|Author||Robert Charles Wilson|
|Cover artist||Jim Burns|
|Genre||Science fiction novel|
|Media type||Print (Hardcover & Paperback)|
|LC Class||PR9199.3.W4987 C48 2001|
The Chronoliths is a 2001 science fiction novel by American-Canadian writer Robert Charles Wilson. It was nominated for the 2002 Hugo Award for Best Novel and tied for the 2002 John W. Campbell Memorial Award for Best Science Fiction Novel.
Software designer Scott Warden is living with his family in early twenty-first century Thailand after his latest contract has ended. He and his friend Hitch Paley are among the first to find an enormous monolith which appears out of nowhere in the jungle. On closer examination, it is found to be a monument made of a mysterious, indestructible substance. It bears an inscription commemorating a military victory by someone named "Kuin", presumably an Asian warlord—twenty years in the future.
Over the next twenty years, increasingly grand monuments to Kuin continue to appear—first in Asia, then in much of the rest of the world. Pro-Kuin and anti-Kuin political movements spring up, leading to the rise of economic problems, fatalistic cults, and open war.
Scott has become entangled with his former teacher and mentor Sue Chopra, a scientist who has assembled a team of fellow researchers to investigate the chronoliths and learn to predict their appearances. With Sue's team, Scott witnesses a new chronolith that appears in Jerusalem.
Kaitlin, his daughter, becomes caught up in the hysteria and joins a pro-Kuin youth cult; while trying to find her, Scott meets Ashlee, a single mother whose son Adam Mills joined the same cult. This leads to Scott and his companions being on hand to witness yet another chronolith appearance in Mexico in which Adam apparently dies. Scott quits his work with Sue and marries Ashlee, trying to live a normal life.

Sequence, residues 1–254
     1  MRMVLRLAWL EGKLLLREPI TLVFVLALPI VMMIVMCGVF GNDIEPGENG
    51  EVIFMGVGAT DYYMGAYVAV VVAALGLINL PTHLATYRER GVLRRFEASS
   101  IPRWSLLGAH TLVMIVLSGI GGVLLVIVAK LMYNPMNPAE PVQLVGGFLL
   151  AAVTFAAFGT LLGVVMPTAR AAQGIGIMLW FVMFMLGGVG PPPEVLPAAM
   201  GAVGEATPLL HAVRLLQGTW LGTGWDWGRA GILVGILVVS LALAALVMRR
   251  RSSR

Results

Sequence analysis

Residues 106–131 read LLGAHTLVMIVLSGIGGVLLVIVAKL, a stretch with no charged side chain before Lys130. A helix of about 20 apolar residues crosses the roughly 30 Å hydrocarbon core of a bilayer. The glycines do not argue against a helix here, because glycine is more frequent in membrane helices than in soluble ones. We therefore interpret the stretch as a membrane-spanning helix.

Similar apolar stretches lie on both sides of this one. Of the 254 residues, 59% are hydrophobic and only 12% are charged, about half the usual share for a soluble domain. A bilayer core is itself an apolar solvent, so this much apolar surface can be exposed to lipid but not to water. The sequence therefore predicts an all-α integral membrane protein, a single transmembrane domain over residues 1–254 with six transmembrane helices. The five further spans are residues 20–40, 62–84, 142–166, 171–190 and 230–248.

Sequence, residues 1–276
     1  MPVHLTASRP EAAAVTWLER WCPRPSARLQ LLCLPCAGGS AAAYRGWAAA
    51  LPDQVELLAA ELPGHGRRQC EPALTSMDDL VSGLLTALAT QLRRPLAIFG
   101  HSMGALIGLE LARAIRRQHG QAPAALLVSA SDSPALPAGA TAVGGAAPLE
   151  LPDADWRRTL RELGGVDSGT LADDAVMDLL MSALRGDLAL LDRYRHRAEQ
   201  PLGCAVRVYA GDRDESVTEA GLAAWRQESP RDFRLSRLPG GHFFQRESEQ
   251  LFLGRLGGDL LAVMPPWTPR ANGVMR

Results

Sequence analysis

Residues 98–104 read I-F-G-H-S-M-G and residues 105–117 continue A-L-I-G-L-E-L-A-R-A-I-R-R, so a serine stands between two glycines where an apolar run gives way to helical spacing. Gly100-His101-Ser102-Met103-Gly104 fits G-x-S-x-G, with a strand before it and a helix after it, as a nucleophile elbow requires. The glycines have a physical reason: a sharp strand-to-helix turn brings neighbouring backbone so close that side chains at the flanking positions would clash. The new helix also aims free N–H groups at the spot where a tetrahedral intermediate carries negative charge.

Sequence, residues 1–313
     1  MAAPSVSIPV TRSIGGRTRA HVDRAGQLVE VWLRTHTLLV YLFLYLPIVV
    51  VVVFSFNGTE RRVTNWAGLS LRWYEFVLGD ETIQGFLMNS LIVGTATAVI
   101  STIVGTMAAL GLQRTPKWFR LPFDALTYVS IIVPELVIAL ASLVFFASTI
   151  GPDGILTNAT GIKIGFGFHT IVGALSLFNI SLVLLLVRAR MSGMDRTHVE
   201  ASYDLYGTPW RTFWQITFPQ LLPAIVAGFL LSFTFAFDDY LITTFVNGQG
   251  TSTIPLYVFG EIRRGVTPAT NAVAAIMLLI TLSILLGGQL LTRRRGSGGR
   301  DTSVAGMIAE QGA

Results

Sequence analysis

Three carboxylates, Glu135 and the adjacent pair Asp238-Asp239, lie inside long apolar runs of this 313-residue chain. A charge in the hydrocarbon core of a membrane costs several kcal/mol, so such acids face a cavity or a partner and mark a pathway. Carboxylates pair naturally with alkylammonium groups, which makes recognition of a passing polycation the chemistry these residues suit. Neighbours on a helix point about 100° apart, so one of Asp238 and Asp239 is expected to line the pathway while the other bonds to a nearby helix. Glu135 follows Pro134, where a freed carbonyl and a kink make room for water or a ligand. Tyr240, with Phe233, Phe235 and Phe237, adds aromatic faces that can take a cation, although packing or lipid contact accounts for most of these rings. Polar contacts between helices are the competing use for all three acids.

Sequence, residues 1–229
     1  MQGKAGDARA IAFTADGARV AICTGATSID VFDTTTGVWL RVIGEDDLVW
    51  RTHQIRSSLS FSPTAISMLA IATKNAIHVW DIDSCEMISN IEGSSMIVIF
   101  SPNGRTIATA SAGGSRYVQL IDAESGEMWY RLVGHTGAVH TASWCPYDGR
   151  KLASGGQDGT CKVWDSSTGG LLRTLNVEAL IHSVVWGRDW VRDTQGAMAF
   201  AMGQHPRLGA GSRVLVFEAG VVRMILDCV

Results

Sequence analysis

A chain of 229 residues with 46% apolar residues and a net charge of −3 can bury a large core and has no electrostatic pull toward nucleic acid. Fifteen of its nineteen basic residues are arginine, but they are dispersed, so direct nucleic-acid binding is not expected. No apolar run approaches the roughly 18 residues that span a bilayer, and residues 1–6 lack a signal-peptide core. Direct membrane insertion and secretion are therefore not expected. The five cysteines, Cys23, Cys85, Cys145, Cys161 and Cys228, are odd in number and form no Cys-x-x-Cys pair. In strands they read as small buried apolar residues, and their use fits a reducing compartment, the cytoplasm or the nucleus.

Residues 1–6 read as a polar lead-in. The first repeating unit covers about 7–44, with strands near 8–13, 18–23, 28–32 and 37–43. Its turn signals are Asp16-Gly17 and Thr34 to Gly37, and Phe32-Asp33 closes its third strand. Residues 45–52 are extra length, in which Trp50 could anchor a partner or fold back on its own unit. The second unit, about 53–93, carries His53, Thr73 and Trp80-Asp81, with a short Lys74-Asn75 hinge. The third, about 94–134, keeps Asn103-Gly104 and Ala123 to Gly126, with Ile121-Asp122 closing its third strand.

Sue Chopra comes to believe that Kuin has made the chronoliths in order to inspire fear and defeatism, making the future victories inevitable by gaining support ahead of time. In an effort to fight Kuin's growing influence, she uses the revelation that Adam is alive and leading a Kuin worshipper group to recruit Scott back into her work, with the plan to destroy the first chronolith predicted to appear in the United States.
The chronolith appears but shortly after it self-destructs; apparently sabotaged by a maker who exceeded the limits of the technology.
A militant faction led by Adam Mills attacks their base of operations, takes Chopra hostage, and menaces Scott's family. Before allowing herself to be taken hostage, Sue entrusts Scott with a secret: she believes it's her fate to be made prisoner in order to be able to sabotage this chronolith. After this, a twenty year-long war ensues. While no physical Kuin ever appears to led the factions fighting on his name, Scott finds out by chance that Adam's middle name was Quinn, which may hint to him being the closest to a real Kuin.
Scott lives to see the collapse of the Kuinist movement and a scientific renaissance sparked by Chopra's chronolith research. At the end of the story he and Kaitlin watch the launch of an interstellar probe that seems to be based on this research.
- "2002 Award Winners & Nominees". Worlds Without End. Retrieved 2009-09-29.
- First hardcover edition, 2001, Tor Books, ISBN 0-312-87384-0.
- First paperback edition, 2002, Tor Books, ISBN 0-8125-4524-9.